Not-So-Drunken Commentary Track: The Descent

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Culture Snob and Bride of Culture Snob discuss the 2005 horror thriller The Descent. Use the controls to hear or download the commentary track, which you’re supposed to listen to while watching the movie.

The Descent

Do you see what I see? Shauna Macdonald and friends in 'The Descent'Neil Marshall’s The Descent approaches being a perfect terror movie. And because terror is unique to cinema among art forms — it doesn’t translate well to the page because the narrative has to slow down for the reader, and it doesn’t translate at all to any other medium — The Descent approaches being a perfect movie, period.

That’s less provocative than it sounds, and I’m not claiming that this gory wind-up toy supplants Citizen Kane. Rather, I mean that (a) The Descent can only exist in an effective form as a film, and (b) it is nearly perfectly executed.

So it is not high art.

To wit:

  • The Descent is really no more complicated than Alien in an underground cave, just as Alien is often described as a haunted-house movie set on a spaceship. Six women go spelunking, and bad shit happens.
  • You can certainly claim that it’s rote. Only two of the six lead characters are developed at all: In the rafting prologue, Sarah is established as the protagonist when her husband and daughter are impaled in an auto accident, and Juno is set up as duplicitous.
  • While the movie is narratively frugal, it’s not subtle. If there’s information you need to know, Marshall obliges, usually with a closeup.
  • And some people might find it unbearably derivative. An obvious homage to horror movies and iconic movie moments, its references are occasionally jokey (a nod to Psycho’s shower scene) but mostly reverent. (I don’t need to repeat the work of RogerEbert.com editor Jim Emerson, who has been a thorough and enthusiastic proponent of The Descent and provides visual examples of how this horror show quotes its forebears.)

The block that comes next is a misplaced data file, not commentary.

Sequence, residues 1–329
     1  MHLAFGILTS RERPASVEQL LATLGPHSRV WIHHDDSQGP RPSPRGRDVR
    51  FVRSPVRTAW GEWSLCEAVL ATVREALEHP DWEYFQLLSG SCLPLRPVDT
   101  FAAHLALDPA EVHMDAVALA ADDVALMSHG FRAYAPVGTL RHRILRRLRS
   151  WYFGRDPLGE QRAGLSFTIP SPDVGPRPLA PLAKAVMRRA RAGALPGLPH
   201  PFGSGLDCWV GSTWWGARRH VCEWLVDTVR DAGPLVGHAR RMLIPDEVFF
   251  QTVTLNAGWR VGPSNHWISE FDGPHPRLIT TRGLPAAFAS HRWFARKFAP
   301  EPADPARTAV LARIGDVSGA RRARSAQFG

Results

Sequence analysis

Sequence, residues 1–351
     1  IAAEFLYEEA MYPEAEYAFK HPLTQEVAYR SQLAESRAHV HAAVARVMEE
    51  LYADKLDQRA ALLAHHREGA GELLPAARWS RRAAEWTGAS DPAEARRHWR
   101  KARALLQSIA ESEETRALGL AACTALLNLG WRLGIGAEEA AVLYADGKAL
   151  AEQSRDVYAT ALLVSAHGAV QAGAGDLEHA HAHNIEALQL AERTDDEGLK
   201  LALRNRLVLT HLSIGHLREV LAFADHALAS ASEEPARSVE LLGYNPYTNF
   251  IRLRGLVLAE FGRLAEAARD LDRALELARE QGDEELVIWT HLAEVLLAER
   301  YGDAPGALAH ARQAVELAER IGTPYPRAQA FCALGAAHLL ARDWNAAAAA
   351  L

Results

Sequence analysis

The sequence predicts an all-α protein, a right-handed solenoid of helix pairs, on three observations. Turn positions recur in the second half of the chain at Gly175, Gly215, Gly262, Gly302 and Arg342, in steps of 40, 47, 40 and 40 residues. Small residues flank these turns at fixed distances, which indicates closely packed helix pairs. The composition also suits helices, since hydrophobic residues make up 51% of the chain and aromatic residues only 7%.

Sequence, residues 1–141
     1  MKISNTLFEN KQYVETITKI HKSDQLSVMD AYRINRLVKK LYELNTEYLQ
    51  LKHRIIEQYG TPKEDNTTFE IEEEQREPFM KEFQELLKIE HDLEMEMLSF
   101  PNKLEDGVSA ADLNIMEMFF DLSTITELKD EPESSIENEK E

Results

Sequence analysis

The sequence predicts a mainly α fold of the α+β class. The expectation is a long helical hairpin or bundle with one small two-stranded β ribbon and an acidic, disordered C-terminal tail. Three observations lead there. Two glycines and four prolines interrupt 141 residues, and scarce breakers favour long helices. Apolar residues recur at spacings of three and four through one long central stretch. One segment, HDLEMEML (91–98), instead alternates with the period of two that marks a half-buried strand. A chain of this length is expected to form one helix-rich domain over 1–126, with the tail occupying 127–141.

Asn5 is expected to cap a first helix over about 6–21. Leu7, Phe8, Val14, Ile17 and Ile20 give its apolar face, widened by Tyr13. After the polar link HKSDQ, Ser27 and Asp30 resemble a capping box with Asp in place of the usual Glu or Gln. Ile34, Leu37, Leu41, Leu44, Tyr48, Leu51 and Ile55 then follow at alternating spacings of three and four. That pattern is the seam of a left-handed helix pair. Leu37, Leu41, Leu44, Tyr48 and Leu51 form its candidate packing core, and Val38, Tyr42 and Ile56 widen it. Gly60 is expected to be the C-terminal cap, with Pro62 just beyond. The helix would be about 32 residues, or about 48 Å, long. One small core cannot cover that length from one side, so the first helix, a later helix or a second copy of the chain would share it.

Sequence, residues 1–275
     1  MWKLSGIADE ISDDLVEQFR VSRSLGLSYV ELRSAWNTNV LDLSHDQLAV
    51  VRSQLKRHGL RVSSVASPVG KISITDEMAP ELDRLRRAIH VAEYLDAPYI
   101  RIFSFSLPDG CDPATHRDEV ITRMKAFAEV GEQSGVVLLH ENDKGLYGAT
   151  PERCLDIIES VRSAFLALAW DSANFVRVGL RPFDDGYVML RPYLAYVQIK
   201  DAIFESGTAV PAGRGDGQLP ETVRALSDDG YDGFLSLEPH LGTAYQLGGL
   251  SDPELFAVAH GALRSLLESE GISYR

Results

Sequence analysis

These criticisms are minor, for the most part built in to the feature-film format. Novelistic depth is sacrificed for brevity and replaced by character shorthand, and an emphasis on important narrative information is a response to the often-overwhelming visual and aural stimulation a movie offers.

But even if you’re turned off by those things, Marshall’s movie remains a brutally effective exercise in terror. The structure is simple: escalating peril. Our six thrill-seeking chicks descend into a cave in the Appalachians. Beware collapsing tunnels! Watch out for spoilers! How will they escape? And was that some sort of mutated man?!

Yes, there are monsters — pale underground people that might remind you of Spider-Man crossed with Max Schreck in Nosferatu or with the Weekly World NewsBat Boy.

Marshall never gives the audience (or his characters) a clear understanding of the threat that the monsters pose — are there six of them, or 600? — and he continually gives hope. The creatures — “crawlers,” the credits call them — have a welcome physical presence that’s rare in an age when it’s cheaper to computer-animate monsters than to achieve desired effects with actors, and they feel real and dangerous. On the other hand, they’re fallible, easily felled with rudimentary weapons or even the hands.

Pretty standard horror-movie stuff, but pulled off with panache and skill. Marshall is particularly adept at plunging the audience down the hole with his characters. The sound design of impacts, the way he holds a shot of bone protruding through skin, the choke of dust, and the tactile quality of a lake of blood provoke a sympathetic reaction in the audience. You aren’t merely watching events unfold; you’re feeling them.

As merciless as the The Descent is, an accumulation of elegant touches reveals an agenda beyond fear and tribute.